The hope today is that the smart guys in NY, DC, Brussels, and elsewhere could somehow manage the decline, reassure the markets, and keep things lurching along for a while. We’ll see if that effort is successful in 2012. My guess is that it will be moderately successful, preventing all-out panic and bank runs, but that we’ll continue to see banks being very skittish, economic growth being sluggish, unemployment not improving at all, and general malaise throughout 2012.
One possible bright spot for real estate in 2012 is that investor activity could be very high, since the global economic crisis is financial in nature: meaning, keeping money in the bank is a dangerous thing if you’re really, truly, stupendously rich. Sure, you can stock up on gold and silver as a hedge, but at some point, you’re going to want to look at putting some money into income-producing real estate. If I were a German millionaire, I know I’d want to look at some apartment complexes in high-growth places in the United States… like Houston.
Relatedly, I think we’ll see an all-time high in rental activity in 2012. The real estate company that figures out how to do rentals profitably stands to reap the whirlwind in 2012.
Note that I am not predicting that IDX itself will go away in 2012. I am predicting that 2012 is the year when the conversation turns to whether IDX is necessary at all.
Most industry data people know that the issue of 2012 will be listing syndication. Edina Realty’s move to pull listings out of syndication was just the first; most people expect to see a wave of brokerages pulling listings from syndication, to replace it with something they can control far more effectively. I suspect that the major franchises have to be laying the groundwork to do the same. It makes little sense for Coldwell Banker or REMAX to continue to spend tens of millions of dollars on their corporate websites to then have all of its franchisees help the portals beat the pants off of them. If the name of the game is consumer attention, then everybody is in competition with everybody else. The third party portals are the first up on the data-based competition.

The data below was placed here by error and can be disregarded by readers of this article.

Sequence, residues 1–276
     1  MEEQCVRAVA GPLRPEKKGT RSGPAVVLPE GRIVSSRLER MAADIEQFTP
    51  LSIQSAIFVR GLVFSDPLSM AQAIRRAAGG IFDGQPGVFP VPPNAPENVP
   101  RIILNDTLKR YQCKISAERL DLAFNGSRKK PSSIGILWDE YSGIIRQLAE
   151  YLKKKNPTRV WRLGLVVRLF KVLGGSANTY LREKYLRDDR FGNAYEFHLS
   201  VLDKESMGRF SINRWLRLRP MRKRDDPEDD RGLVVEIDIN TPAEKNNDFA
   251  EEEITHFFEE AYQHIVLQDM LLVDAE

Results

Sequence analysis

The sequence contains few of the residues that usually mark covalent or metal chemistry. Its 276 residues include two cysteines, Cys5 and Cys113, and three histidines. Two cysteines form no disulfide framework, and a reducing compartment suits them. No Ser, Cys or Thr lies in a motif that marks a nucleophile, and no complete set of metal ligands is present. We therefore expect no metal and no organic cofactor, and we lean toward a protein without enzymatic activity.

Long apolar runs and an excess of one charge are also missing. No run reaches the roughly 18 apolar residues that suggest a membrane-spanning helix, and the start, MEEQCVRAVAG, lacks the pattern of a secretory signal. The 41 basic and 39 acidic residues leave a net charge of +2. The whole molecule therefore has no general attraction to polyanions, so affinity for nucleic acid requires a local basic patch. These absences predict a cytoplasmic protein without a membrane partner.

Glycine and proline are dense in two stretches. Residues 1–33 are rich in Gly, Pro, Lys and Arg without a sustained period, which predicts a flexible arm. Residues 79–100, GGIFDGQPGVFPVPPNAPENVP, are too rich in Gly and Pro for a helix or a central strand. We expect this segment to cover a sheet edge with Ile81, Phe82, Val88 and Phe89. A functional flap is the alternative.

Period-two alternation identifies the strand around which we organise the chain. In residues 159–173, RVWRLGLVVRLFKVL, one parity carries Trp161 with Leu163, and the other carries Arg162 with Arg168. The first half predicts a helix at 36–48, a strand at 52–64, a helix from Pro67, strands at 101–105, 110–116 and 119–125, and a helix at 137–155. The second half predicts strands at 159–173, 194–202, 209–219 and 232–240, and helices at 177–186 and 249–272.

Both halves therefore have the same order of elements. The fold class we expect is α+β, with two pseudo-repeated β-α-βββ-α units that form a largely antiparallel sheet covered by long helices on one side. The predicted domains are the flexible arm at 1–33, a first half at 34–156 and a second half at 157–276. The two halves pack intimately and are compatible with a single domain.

I don’t believe that is where things will end. Most people think I’m nuts, so I’m more than happy to be wrong on this prediction. But logic has its own force that might take some time to develop, but develop it will. I think the timeframe is towards the second half of the year.
The essential struggle is not “who should control the data” and so on. Those are actually surface symptoms of the underlying question, which goes to the heart of American real estate: “Why should I make my data available to you?”
I keep going back to this testimony by Geoffrey Lewis of REMAX during the 2006 Congressional hearings, but I think it’s 100% the issue in real estate today:
The concept is simple: you earn a customer, you get to use the MLS with the customer. The concept is not: you get free access to the MLS and then you use it to advertise the properties of your competitors in order to attract customers.
Lewis was testifying about the MLS, but you can easily replace the word “MLS” with “listing data” and you have pretty much the hot and heavy issue of today. More and more brokers are uncomfortable with syndication, because it allows other agents and brokers to use listing data to attract customers. The whole raison d’etre of a third party portal — all of them describe themselves as media companies — is to generate traffic and leads. And abuses and mistakes and bad policies in the syndication world led to what we see today.
However, the logic of “you earn a customer, you get to use my listing data with the customer” applies with exact same force to IDX, a policy that has been the source of so much drama over the past few years. I know I’ve begun hearing some opinions from strong listing brokerages that just like the portals bring a fork to a potluck, so do the buyer brokerages who do nothing but use IDX to rank high in Google and bring precious few listings to the table.
I expect that by November, at next year’s NAR Annual, we’ll start to see a small movement away from IDX at least in some markets where certain brokers have market power.